LIMA (Reuters) - In his 2015 trip to Bolivia, Pope Francis asked for forgiveness for the “grave sins” committed against native people in the Americas in the name of the Catholic Church.
In Peru this week, he will be asked to go a step further by making amends for the Church’s 16th century takeover of the most sacred temple in the Incan Empire: Coricancha.
Practitioners of indigenous Andean rituals want his help securing broader access to the temple in the Peruvian city of Cusco, the former capital of the Incan Empire and the heart of a thriving tourism industry built on the region’s rich pre-Colombian past.
The Spanish demolished much of the original temple of Coricancha after seizing its gold some 500 years ago, building the Santo Domingo Church on top of its ruins as part of the widespread practice at the time of transforming sacred native sites into Catholic ones.
The sophisticated stonemasonry of the Incas is still featured in the foundation of the Church of Santo Domingo, which charges tourists to visit Coricancha.
Hatun Ayllu, one of the groups that signed a letter delivered to the pope’s representatives before his visit to Peru starting on Thursday, said allowing native rituals to resume regularly in Coricancha would turn papal gestures of regret into atonement for past misdeeds.
“Cusco was conquered by the sword and the cross,” Hatun Ayllu representative Enrique Riveros said. “But reflecting on it isn’t enough. It’s time to return to indigenous people what belongs to them.”
The Church of Santo Domingo and the pope’s representatives in Peru did not immediately respond to requests for comment.
While Francis has asked for forgiveness for wrongdoing “during the so-called conquest of America,” he has not explicitly expressed regret for the evangelization of indigenous people.
Riveros and other believers in native gods gathered on a sacred site in Lima this week to blow on sea shells and make offerings to the Earth in a tradition that has survived despite Peru’s Catholic majority.
The request for increased access to Coricancha is part of growing calls for Francis, seen by many as the pope who has been most sympathetic to the plight of indigenous people, to help tackle problems from mining pollution to land disputes that have disrupted native ways of life.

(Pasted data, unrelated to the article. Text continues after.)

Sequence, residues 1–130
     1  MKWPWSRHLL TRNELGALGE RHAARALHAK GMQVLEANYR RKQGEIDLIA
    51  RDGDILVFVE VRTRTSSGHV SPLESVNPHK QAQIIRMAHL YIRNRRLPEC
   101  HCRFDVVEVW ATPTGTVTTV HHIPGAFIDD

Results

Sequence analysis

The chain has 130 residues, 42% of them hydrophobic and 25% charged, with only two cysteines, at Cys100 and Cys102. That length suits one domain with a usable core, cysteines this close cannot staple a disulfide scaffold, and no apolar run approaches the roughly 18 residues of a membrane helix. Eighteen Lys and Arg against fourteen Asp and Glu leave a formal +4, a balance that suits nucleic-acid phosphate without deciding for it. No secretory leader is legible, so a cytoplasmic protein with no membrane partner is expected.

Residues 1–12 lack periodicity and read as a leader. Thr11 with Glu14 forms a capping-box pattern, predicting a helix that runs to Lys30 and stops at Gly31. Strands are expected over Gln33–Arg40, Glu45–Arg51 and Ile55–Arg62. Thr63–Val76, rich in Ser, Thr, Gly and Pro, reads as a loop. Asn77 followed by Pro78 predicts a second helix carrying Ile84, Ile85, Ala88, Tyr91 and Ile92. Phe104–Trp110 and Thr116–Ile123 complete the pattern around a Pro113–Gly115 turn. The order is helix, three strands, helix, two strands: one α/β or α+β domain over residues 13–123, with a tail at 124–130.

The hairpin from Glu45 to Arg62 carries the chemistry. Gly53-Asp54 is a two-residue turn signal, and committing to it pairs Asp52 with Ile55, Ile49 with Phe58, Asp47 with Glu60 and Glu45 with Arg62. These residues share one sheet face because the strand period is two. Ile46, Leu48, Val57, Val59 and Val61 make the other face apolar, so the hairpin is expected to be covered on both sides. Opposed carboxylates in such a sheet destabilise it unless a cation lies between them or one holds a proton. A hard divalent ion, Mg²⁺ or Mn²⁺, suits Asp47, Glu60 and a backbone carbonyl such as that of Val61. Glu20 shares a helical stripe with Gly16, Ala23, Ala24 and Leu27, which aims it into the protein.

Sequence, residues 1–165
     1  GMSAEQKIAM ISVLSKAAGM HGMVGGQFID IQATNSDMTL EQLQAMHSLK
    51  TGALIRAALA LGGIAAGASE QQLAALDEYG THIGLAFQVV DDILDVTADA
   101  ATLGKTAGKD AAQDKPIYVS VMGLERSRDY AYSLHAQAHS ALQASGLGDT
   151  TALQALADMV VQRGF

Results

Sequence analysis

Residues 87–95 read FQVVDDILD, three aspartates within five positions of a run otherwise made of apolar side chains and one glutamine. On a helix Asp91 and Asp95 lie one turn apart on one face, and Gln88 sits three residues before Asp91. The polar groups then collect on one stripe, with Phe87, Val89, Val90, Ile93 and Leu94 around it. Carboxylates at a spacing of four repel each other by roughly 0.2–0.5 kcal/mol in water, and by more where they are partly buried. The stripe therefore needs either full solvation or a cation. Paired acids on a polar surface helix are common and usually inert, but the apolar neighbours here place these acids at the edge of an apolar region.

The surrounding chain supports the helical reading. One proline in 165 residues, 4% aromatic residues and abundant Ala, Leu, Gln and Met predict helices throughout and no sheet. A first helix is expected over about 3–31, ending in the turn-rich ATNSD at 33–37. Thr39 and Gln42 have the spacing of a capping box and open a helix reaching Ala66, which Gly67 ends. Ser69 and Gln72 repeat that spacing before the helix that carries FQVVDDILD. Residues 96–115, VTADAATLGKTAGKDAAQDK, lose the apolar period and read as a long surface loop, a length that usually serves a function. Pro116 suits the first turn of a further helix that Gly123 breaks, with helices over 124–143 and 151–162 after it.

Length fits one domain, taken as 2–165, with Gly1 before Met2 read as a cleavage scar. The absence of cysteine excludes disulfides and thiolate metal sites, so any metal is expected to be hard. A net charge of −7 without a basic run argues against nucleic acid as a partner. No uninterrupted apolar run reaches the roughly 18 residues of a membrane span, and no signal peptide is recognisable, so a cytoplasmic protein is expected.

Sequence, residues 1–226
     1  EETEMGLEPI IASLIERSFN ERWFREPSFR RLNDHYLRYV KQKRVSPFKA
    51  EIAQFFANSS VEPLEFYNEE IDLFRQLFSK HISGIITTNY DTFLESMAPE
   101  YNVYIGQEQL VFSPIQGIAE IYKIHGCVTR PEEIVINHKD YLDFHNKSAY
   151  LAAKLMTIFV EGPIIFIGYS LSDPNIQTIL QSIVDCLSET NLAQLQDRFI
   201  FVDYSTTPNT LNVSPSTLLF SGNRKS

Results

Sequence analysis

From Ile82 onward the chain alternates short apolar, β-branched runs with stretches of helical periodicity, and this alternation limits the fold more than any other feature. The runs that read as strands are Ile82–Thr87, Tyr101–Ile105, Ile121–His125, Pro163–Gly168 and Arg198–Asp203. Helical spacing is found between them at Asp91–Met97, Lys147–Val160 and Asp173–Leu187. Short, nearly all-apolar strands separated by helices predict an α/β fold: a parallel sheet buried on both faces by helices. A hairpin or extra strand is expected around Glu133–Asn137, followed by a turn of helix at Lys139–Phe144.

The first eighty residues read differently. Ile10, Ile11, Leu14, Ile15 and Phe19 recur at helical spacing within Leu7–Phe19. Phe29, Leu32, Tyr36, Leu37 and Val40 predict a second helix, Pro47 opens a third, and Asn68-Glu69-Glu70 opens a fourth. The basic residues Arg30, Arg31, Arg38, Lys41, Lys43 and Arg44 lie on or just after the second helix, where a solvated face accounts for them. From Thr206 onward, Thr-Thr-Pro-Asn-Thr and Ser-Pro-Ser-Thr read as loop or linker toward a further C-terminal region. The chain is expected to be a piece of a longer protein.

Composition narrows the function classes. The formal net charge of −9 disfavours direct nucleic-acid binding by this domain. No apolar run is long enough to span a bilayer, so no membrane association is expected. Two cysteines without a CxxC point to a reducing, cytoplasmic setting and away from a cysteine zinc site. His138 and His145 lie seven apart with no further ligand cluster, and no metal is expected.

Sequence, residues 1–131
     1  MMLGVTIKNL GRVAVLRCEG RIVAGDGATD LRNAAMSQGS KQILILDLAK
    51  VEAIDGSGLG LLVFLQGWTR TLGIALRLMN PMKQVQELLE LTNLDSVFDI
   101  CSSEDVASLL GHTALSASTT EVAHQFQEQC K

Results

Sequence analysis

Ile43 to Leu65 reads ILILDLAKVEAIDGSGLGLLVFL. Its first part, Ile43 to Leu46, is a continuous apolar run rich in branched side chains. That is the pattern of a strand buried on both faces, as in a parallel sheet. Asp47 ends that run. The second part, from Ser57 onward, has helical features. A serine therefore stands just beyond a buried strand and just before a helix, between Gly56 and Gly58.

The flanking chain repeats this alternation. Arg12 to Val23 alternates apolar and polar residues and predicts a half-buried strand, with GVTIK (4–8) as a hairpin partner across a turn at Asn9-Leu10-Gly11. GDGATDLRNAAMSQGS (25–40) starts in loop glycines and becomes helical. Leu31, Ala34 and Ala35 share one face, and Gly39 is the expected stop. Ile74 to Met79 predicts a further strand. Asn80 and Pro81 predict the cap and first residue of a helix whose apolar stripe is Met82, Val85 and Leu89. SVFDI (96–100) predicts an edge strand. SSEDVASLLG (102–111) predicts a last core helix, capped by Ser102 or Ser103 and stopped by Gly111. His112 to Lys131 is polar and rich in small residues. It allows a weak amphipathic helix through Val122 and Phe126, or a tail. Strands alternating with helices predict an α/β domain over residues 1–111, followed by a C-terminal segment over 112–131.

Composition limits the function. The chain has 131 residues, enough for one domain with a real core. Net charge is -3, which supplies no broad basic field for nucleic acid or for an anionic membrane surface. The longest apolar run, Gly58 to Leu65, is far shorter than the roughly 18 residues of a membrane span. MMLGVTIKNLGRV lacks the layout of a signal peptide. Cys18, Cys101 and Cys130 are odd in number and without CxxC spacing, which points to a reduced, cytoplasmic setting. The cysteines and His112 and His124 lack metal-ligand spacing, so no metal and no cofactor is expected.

In a copy of the letter seen by Reuters, Francis is asked to help establish the “shared use, administration and property” of Coricancha. “Do not allow, Holy Father, dear little brother of ours, the perpetuation of this injustice against our peoples,” it says.
Riveros said that while Hatun Ayllu and others can celebrate an Incan sun festival in the temple, they have spent the past nine years performing monthly Andean rituals in a public space alongside Coricancha.
“How is it possible that it’s 2018 and we still can’t perform our rituals there?” said Riveros. “The Church has the Vatican. Well, our Vatican is Coricancha.”
Once filled with gold, Coricancha was believed to be the place where the four quarters of the world met under the Incan Empire, which stretched across large swaths of South America.
“It was literally the center of the Incan universe,” said Ronald Elward, a Dutch historian of Peru. “The walls were plated in gold. The Spanish were quite astonished when they saw it.”
Hundreds of thousands of foreign tourists flock to Cusco every year to visit the region’s Machu Picchu ruins and other historic Incan sites now administered by local governments or the Church.
Francis is not planning to visit Cusco but will meet with tribal leaders in the Amazonian region of Madre de Dios on Friday. Earlier this week, he met with indigenous Mapuche in Chile, where some say the pope’s ceremony was held on seized ancestral land.
Reporting by Mitra Taj and Reuters TV; Editing by Caroline Stauffer and Peter Cooney